Genetic analysis of host resistance: Toll-like receptor signaling and immunity at large

Annu Rev Immunol. 2006;24:353-89. doi: 10.1146/annurev.immunol.24.021605.090552.


Classical genetic methods, driven by phenotype rather than hypotheses, generally permit the identification of all proteins that serve nonredundant functions in a defined biological process. Long before this goal is achieved, and sometimes at the very outset, genetics may cut to the heart of a biological puzzle. So it was in the field of mammalian innate immunity. The positional cloning of a spontaneous mutation that caused lipopolysaccharide resistance and susceptibility to Gram-negative infection led directly to the understanding that Toll-like receptors (TLRs) are essential sensors of microbial infection. Other mutations, induced by the random germ line mutagen ENU (N-ethyl-N-nitrosourea), have disclosed key molecules in the TLR signaling pathways and helped us to construct a reasonably sophisticated portrait of the afferent innate immune response. A still broader genetic screen--one that detects all mutations that compromise survival during infection--is permitting fresh insight into the number and types of proteins that mammals use to defend themselves against microbes.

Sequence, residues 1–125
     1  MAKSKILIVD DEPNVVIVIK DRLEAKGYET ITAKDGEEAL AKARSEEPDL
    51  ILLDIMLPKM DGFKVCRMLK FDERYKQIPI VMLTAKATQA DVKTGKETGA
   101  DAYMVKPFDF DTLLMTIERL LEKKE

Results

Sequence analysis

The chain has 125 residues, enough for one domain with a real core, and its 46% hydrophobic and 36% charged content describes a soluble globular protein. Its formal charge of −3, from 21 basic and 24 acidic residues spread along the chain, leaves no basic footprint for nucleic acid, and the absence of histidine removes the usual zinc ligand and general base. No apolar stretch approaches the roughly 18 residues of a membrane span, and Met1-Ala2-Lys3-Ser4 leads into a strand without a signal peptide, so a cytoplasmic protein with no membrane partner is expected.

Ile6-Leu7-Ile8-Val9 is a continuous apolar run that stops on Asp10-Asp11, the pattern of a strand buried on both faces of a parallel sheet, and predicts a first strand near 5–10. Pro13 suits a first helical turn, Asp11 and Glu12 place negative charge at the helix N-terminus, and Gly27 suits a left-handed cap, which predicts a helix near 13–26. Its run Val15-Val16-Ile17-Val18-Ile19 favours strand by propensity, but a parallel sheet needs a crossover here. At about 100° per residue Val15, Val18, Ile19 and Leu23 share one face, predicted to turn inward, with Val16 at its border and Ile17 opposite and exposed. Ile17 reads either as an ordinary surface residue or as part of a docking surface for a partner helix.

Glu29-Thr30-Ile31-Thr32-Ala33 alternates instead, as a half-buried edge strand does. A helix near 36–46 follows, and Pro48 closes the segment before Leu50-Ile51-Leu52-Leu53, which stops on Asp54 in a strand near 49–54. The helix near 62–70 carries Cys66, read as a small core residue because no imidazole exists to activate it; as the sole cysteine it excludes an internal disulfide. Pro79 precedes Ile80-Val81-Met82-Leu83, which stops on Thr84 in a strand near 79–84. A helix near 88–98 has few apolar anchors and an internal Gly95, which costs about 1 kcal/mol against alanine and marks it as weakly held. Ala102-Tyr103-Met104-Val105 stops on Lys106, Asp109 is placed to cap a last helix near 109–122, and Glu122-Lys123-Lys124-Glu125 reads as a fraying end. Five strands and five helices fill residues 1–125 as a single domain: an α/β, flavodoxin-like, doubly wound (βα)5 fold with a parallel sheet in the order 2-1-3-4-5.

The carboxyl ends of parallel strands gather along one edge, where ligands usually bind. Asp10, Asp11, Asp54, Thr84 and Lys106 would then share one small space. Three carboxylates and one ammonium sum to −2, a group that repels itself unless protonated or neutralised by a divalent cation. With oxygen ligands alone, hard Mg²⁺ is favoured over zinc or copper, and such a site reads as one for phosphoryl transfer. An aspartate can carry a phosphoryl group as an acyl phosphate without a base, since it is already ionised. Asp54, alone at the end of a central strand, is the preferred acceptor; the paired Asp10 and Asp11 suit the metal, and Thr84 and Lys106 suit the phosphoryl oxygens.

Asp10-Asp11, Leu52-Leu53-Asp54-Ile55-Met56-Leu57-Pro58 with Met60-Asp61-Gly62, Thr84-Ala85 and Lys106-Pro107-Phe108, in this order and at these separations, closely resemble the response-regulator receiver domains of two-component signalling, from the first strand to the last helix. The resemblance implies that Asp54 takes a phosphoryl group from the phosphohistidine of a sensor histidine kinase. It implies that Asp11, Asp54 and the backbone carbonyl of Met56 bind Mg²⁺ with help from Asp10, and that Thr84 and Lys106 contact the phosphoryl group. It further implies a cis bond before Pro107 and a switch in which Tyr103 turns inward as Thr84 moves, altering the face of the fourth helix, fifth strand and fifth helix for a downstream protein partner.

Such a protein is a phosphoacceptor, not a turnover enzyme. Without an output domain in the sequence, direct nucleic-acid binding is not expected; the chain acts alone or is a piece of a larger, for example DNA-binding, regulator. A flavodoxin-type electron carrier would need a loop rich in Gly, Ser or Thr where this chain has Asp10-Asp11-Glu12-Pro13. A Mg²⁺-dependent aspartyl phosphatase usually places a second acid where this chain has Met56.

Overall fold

Publication types

  • Review

MeSH terms

  • Animals
  • Ethylnitrosourea / toxicity
  • Humans
  • Immunity, Innate / genetics
  • Infections / genetics
  • Infections / immunology
  • Mice
  • Models, Immunological
  • Molecular Structure
  • Mutagens / toxicity
  • Mutation
  • Phenotype
  • Self Tolerance / genetics
  • Signal Transduction
  • T-Lymphocytes, Cytotoxic / immunology
  • Toll-Like Receptors / chemistry
  • Toll-Like Receptors / genetics*
  • Toll-Like Receptors / immunology
  • Virus Diseases / genetics
  • Virus Diseases / immunology


  • Mutagens
  • Toll-Like Receptors
  • Ethylnitrosourea